[296 N.J. Super. at 11-12.]
Here, plaintiff points to no written agreement or employment manual from which an employment contract could be implied. Contrary to her blanket assertions, there is no proof of any material misrepresentation that induced her to accept employment with defendants. Rather, the undisputed proof is that plaintiff negotiated her job functions to which defendants reluctantly agreed on a trial basis. When corporate growth dictated modification of those functions to incorporate sound, generally accepted accounting principles recommended by outside auditors, plaintiff balked and refused to comply with legitimate employer demands. Although not required, her termination was for cause, and no discriminatory reasons appear in this record.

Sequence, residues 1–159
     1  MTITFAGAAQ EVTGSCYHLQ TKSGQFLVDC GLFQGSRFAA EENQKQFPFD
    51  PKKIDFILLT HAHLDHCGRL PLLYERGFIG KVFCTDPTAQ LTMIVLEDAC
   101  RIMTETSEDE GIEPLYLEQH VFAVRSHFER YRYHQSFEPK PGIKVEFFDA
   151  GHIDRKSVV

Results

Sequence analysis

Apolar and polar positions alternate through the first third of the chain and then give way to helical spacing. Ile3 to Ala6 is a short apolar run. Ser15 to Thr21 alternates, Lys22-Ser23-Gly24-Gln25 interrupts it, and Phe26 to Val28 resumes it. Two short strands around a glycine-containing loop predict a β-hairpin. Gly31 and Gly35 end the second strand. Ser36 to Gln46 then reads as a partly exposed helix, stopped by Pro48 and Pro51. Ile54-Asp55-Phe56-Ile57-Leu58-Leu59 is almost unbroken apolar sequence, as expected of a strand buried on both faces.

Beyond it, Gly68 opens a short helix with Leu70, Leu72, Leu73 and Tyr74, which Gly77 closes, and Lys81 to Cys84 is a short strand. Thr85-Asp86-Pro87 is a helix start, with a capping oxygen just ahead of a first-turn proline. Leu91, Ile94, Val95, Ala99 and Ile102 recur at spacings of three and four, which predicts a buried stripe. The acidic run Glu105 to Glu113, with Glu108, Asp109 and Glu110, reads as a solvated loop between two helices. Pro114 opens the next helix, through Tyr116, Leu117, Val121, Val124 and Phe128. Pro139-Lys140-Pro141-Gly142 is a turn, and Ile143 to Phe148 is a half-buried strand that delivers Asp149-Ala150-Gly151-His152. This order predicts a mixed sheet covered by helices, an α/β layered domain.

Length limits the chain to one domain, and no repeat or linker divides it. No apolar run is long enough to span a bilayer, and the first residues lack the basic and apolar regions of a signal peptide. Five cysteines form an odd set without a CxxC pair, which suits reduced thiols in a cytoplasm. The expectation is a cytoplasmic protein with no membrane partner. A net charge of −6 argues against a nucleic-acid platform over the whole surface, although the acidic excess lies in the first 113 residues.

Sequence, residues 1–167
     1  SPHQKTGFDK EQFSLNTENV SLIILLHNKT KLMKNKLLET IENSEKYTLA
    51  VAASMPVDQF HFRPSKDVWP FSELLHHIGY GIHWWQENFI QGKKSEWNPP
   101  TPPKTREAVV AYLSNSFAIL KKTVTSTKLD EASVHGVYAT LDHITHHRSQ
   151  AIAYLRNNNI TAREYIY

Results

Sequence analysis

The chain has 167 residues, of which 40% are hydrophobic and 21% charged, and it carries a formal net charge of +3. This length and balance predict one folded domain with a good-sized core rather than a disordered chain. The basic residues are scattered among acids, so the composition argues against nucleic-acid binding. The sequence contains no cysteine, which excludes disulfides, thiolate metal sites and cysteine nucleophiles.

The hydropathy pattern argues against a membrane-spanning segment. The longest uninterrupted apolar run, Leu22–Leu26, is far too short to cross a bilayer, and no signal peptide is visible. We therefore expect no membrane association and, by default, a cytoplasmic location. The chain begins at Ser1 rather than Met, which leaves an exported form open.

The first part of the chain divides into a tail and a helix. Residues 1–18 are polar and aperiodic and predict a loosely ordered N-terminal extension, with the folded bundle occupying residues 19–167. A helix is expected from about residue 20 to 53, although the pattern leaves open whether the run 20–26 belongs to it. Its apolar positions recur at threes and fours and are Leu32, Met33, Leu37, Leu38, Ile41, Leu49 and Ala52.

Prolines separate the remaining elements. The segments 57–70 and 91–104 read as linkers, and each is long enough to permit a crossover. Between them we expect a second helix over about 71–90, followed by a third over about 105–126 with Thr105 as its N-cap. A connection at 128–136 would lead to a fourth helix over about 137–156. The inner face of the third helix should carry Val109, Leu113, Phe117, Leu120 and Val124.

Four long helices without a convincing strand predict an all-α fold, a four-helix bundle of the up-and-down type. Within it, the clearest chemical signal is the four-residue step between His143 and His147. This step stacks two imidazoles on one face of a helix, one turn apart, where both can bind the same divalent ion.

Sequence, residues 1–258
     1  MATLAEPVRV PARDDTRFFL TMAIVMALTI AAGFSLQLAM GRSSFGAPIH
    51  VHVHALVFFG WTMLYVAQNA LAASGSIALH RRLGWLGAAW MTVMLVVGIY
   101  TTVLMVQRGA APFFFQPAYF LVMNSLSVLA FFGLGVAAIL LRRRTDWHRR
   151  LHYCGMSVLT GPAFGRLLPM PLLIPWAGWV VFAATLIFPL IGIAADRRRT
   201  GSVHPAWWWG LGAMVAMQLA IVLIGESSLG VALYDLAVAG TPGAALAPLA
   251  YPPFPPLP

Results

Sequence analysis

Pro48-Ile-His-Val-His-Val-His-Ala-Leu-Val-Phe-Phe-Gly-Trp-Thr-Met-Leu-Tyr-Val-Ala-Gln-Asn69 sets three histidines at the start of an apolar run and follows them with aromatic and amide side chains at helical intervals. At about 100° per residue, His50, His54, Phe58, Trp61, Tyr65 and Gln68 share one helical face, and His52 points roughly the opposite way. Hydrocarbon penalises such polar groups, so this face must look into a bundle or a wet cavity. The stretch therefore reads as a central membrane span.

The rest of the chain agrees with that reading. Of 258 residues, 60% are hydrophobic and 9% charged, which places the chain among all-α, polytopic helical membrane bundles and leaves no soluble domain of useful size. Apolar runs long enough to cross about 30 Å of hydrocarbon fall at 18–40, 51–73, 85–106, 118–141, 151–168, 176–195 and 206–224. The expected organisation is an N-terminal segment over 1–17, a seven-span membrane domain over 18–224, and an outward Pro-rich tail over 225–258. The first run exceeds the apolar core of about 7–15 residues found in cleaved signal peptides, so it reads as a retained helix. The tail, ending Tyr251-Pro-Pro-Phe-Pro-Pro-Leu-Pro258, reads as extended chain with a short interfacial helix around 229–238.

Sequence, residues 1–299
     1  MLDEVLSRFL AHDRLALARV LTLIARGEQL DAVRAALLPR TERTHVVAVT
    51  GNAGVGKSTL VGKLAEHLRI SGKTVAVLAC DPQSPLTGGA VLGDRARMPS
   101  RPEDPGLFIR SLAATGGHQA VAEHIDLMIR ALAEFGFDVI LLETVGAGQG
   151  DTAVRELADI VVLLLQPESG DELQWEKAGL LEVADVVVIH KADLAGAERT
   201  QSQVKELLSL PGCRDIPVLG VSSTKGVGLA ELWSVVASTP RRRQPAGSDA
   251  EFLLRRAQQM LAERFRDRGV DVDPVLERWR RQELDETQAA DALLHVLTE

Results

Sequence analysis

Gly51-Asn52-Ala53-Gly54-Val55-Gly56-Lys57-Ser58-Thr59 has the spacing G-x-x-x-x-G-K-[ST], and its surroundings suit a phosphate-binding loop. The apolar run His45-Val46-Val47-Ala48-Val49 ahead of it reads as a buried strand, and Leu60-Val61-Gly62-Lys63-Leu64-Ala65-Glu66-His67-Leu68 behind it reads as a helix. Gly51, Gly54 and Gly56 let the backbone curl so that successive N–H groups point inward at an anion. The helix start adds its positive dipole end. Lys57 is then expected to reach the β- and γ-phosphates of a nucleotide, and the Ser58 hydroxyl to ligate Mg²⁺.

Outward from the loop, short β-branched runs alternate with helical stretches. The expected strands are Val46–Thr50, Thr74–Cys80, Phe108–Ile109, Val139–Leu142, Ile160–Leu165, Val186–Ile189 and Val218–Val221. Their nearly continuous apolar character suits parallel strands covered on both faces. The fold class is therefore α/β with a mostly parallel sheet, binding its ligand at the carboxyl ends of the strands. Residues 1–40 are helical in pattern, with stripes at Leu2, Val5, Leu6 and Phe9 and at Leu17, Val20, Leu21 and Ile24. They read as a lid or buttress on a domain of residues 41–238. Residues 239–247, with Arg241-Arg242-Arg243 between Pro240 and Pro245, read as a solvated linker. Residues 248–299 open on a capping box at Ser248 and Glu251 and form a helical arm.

Plaintiff's other related claims were also properly dismissed on summary judgment. Her arguments regarding expense reimbursement and wrongful termination while on medical leave fail because, as to the former, plaintiff admitted those costs were reimbursed, and as to the latter, she was not on disability when terminated, but simply working from home with pay while recovering from her gallbladder surgery. Furthermore, her claims for breach of the implied covenant of good faith and fair dealing and of an implied contract, like her claim of race discrimination, were never raised below.
We deem plaintiff's remaining claims to be of insufficient merit to warrant discussion in a written opinion. R. 2:11-3(e)(1)(E).